October 20th at the BJC
And his replacements are…
This is good
This past November my son and I toured the Gibson Guitar factory in Memphis. I was amazed at the craftsmanship that went into each guitar. Each guitar truly is hand-made. We were told it takes approximately 50 man hours to complete 1 guitar. If they stay afloat I highly recommend the tour.
Gibson has been making horrible decisions for years, so I’m not terribly surprised by it.
I was more bummed about this news.
Growing Up With Steve Miller
Eleven years ago, the man who topped the charts with ‘The Joker’ and ‘Rock’n Me’ took a thirteen-year-old guitarist and would-be songwriter under his wing. More than a decade later, he’s still teaching me lessons on how to be an adult.
Mr. Steve—he said he wasn’t comfortable with “Mr. Miller”—left the donors’ table to play music on the porch with two middle schoolers. My brother sat down and thumped out a rhythm. Mr. Steve laid down some chords, and I tried to show off. I played some blues licks, the only kind of guitar licks I sort of knew how to play. I ran up the pentatonic scale like my uncle had taught me, hammered a Freddie King riff, and watched Mr. Steve’s eyes light up a bit.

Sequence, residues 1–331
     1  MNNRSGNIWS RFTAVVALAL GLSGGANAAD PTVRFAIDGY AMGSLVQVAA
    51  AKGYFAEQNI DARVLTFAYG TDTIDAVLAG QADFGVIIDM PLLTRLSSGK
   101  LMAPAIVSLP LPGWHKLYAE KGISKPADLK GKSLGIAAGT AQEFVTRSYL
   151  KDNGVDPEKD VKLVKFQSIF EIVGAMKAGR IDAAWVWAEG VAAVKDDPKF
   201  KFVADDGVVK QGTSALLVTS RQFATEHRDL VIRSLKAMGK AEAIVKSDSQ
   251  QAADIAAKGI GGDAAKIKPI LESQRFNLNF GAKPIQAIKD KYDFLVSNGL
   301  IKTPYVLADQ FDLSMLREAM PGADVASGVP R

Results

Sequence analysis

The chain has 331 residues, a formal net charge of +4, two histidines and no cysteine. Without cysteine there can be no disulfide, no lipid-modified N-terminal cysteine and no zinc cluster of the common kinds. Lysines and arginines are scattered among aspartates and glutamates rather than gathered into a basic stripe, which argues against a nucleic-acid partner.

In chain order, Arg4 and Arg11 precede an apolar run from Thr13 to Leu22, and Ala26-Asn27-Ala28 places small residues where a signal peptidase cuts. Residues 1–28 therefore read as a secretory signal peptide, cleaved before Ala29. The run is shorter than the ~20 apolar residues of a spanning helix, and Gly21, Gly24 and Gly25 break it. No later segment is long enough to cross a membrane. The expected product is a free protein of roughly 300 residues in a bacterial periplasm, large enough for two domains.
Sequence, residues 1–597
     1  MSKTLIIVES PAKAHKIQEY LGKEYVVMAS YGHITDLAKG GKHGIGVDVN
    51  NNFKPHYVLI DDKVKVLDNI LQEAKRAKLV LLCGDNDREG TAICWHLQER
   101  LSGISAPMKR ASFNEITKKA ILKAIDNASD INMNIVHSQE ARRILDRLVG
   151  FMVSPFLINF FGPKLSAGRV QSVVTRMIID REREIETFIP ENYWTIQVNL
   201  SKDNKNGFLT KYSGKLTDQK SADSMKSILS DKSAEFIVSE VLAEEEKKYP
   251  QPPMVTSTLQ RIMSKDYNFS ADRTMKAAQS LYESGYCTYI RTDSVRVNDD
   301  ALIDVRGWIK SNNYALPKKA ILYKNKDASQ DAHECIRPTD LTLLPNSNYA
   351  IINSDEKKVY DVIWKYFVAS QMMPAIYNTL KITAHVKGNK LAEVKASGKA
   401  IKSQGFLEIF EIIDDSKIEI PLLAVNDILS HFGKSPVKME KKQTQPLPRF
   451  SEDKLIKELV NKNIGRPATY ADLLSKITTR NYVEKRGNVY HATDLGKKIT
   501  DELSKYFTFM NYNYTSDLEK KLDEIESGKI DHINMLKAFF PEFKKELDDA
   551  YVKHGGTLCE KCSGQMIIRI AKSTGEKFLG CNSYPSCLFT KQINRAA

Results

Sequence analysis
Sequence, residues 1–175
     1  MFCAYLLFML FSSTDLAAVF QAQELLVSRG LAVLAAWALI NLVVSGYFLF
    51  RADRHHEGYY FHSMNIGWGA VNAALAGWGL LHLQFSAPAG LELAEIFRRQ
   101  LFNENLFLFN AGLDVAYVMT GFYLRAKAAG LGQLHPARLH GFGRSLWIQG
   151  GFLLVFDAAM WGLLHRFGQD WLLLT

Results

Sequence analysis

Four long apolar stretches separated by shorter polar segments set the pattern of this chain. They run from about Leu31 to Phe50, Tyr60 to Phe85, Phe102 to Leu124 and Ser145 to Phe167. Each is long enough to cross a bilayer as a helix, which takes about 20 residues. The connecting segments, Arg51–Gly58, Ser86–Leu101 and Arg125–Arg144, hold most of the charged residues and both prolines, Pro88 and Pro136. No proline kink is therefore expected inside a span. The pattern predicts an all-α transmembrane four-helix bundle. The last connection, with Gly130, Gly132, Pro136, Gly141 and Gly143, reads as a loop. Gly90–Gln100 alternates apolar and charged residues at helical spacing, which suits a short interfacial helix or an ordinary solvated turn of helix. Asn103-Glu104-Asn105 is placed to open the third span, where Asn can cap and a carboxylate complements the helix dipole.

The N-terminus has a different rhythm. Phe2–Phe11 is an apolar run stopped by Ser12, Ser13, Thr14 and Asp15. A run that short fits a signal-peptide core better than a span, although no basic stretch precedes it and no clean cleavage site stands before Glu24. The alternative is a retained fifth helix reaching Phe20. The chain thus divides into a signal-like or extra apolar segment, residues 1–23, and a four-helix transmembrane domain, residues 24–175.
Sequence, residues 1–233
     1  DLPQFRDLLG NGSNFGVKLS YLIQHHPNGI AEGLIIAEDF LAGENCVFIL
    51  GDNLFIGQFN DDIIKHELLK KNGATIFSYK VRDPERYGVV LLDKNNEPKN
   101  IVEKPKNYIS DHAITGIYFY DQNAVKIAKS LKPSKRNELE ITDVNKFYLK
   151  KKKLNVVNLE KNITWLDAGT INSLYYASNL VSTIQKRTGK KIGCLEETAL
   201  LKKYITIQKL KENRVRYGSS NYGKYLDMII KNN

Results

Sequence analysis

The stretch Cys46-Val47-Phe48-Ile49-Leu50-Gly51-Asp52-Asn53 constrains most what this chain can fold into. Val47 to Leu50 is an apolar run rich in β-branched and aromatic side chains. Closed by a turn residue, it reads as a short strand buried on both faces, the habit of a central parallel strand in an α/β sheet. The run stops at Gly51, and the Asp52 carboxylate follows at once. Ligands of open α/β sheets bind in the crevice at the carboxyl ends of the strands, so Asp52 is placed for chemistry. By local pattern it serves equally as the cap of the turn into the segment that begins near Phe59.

I didn’t realize it then, but I was crudely speaking the same vocabulary that he’d used to build his career. Before he rejoined the adults, he showed me a chord progression the great Texas blues musician T-Bone Walker had taught him when Mr. Steve was my age, and then my parents made me go to bed.
I never liked the original song but I like this. He “de-popped” it just enough.
Good old Arlo!
Listened to a brief part of an old Kasey Kasem countdown, and he mentioned that the record for the most top 40 songs by one artist on the chart at one time is held by the Beatles back in '64, with 7 songs total, 4 or 5 in the top 10!! That was just an amazing stat.
The Beatles were different enough back then, but I don’t think our modern ears hear it that way today, especially if we grew up in the 70’s or later. They were different enough that they defined what the “new normal” would become.
For those so inclined, I highly recommend the Ron Howard documentary on the Beatles called Eight Days a Week. I saw it (several times) on Hulu, and it may be on there still. It covers “The Touring Years” of the Beatles, and if you’ve not heard the story before, you’ll learn why they stopped touring well before they broke up as a band.
Everyone has their own musical tastes, but of all the types of music that I listen to and all of the performers and songwriters that I like, the Beatles are my favorite (immediately after any marching band or school band that any of my kids has ever played in, of course).